Coda

furyus

Pro Member
Jan 31, 2011
555
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Leesburg, VA
Remember @furyus , this is Rat Rod Bikes; not the CABE So we are a lot more lenient as to how close the bike is to 'original' or even how close it needs to be. :grin: Granted, Class 1 is the category for 'restoration or refreshing' a bike to at least a close facsimile to 'original'. But don't let your originality get lost in the origin of the bike itself.

or·i·gin
/ˈôrəjən/
noun
  1. 1.
    the point or place where something begins, arises, or is derived.
o·rig·i·nal·i·ty
/əˌrijəˈnalədē/
noun
  1. the ability to think independently and creatively.
    "a writer of great originality"
    • the quality of being novel or unusual.
Goodness no, this isn’t the CABE, not that there’s anything wrong with the CABE (dig the place - furyus on there, too). Not trying to be uptight about origin at all. I knew this bike wasn’t 100% original when I purchased it, and my goal here is just to document what is and what isn’t, as best as I can tell. Like I wrote in my first post, this is more of a preservation than a “build,” so I guess the story is about what I’m finding along the way. Plus it makes up for not being able to build much.

I took my best shot at originality a build-off or three ago with deterioRat:

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New title for OddJob! Your Leniency!

furyus
 
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furyus

Pro Member
Jan 31, 2011
555
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Leesburg, VA
So I got the seatpost clamp off the ovaled seat tube. Put the tube in a vise, gently, and managed to get the tube relatively round. Bonus points - The seat post slides right into the seat tube, so I didn’t muck that up getting the clamp off. Note all the lovely red primer - more evidence that the frame has never been repainted.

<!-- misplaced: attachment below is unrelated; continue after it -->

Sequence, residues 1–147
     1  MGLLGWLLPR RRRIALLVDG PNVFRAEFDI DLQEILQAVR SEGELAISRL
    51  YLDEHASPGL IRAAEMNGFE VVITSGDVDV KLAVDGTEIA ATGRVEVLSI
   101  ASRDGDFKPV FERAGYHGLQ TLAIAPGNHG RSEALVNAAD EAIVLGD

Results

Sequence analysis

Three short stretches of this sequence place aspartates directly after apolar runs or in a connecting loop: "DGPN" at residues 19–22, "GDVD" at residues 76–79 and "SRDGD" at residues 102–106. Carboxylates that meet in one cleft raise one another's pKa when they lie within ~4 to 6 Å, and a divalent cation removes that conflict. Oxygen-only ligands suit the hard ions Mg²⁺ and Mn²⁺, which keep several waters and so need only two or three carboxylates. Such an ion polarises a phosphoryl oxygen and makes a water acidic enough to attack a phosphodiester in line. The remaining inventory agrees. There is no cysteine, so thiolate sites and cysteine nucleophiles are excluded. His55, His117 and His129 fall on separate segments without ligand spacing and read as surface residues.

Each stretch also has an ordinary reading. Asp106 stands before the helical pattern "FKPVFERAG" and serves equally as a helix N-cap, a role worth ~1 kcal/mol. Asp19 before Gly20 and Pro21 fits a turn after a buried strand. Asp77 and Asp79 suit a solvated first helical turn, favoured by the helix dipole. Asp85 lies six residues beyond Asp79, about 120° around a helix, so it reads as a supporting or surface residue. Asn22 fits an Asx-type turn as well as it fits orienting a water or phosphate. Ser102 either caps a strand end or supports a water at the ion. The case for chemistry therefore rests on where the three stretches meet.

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The clamp and clamp hardware are very corroded. Note the top of the clamp bolt - deep corrosion.

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And the little guy that fell out of the clamp itself. Certainly a cozy little hidy-hole but not a lot of “traffic” going by - poor guy probably starved to death.

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So I took the clamp bolt, and some oil, and a wire brush, and way more valuable time than I should have, and managed to reveal the lettering on the head of the bolt.

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You can just make out the AS on the bolt, and that’s good enough for the flavor of this bike. All that lovely corrosion on the clamp is staying, too, albeit under a coat of oil. Here’s how the clamp bolt is supposed to look if you get uptight about restored and correct and all that stuff.

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To summarize thus far, I’m writing as much as I can about as little as possible, and calling it a build.

furyus
 
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Cool bike! I don't know that I would discount some of the parts as not original based off of the two pictures. Sometimes that schwinn chrome can polish out surprisingly good, especially it seems to on sprockets and some small parts like the bearing cups. The bike I'm working on has been sitting out in the elements for probably the past 40 years and if I wanted to I'm sure the sprocket would look almost new and it looks worse now than your before picture, but there's no real pitting. Also like your bike certain other parts are quite pitted.